Here’s A Trick That Will Help Your Toddler Calm Down

August 23, 2017
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Here’s A Trick That Will Help Your Toddler Calm Down

Toddlers really have a mind of their own. They may not always have the words to express how they’re feeling, so their emotions come through tantrums or meltdowns.

Dr. Harvey Karp, author of The Happiest Toddler on the Blockspeaks about how essential it is to speak “toddlerese” when you’re talking to a toddler.

So when your toddler is having a tantrum, you’re not going to make much headway trying to convince him or her to be reasonable if you’re not speaking his language.

A toddler’s primary language is an emotional one.  If you’re too calm, you may be sending a message that whatever is causing him such intense emotional pain isn’t particularly important to you.

It’s highly likely that he’ll come away with the idea that you’re just not getting it, and he’ll pick up the intensity of the tantrum.

Karp recommends you address a toddler’s tantrums by mirroring his emotions with a few notches less intensity (it doesn’t help if you’re both screaming and flailing, after all!), and to repeat back to him the problem that he’s trying to express.

A mother describes what that looks like: “I jump in, lovingly, but passionately, repeating his words and almost matching his feelings, with a broken record kind of repetition. Billy is mad, mad, MAD!!!! He’s angrrrrrrrry!!! Billy says, No, no, no! NO!!! I don’t like it!!”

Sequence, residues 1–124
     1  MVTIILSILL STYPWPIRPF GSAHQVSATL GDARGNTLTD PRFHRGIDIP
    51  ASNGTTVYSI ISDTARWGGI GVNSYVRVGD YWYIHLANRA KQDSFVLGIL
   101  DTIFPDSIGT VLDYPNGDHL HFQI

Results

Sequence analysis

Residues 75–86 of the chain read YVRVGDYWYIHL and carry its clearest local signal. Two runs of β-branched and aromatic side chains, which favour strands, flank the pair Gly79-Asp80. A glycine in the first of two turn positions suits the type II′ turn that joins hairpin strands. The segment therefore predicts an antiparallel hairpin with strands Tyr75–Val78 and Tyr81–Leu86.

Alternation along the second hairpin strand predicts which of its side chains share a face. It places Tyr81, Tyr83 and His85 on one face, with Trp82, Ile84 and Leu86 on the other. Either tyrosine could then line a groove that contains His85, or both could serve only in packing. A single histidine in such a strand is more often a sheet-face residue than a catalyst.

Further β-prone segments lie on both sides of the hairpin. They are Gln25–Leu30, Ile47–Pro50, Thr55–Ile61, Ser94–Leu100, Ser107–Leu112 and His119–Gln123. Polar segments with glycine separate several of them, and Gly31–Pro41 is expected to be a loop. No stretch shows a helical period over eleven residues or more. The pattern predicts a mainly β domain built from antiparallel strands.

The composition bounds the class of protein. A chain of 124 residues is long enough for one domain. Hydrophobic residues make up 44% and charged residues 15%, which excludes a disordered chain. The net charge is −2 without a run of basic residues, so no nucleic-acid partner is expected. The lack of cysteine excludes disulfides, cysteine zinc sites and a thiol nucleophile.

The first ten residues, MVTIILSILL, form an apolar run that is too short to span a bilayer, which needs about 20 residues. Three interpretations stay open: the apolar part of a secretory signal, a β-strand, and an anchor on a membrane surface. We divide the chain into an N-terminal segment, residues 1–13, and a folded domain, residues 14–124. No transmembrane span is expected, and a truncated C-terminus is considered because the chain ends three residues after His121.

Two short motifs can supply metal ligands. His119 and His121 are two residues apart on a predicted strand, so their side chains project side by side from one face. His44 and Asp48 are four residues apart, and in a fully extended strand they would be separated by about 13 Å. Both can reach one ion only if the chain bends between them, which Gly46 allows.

You may look really silly doing this, but it’s a good trick and it can stop a tantrum in its tracks.

Effectively, you’re communicating “I understand your emotions, I understand your problem, and it is important to me.”

And that is the kind of understanding isn’t just something toddlers need.

So this doesn’t mean is saying to your husband, “You’re so mad! So so mad that I spoke badly about you to your mother! You feel so so betrayed!”

When speaking to adults, you can use adult speak, but the principle you use is exactly the same.

A person will be a lot less upset if you can convincingly show them that you understand what they’re feeling (by mirroring the emotion, but with less intensity) and that you understand the problem well enough to put it in your own words. Repeating your understanding of the problem also contributes to making it clear that you care, and you want to listen.

Dr. Karp’s little trick is ultimately just about compassion. Basically, the root of that word means “to suffer with” a person, to feel what they feel. Without compassion, there’s no true connection.”

Problems need to be met with solutions, however part of the solution is the willingness to engage with compassion in whatever frustration or sorrow the other person is feeling.

This is why the principle works so well on a kid who’s having a meltdown — as it’s legitimately meeting part of his needs so that even if he doesn’t get the popsicle he wanted, he’s gotten something better: compassion, connection as well as understanding.

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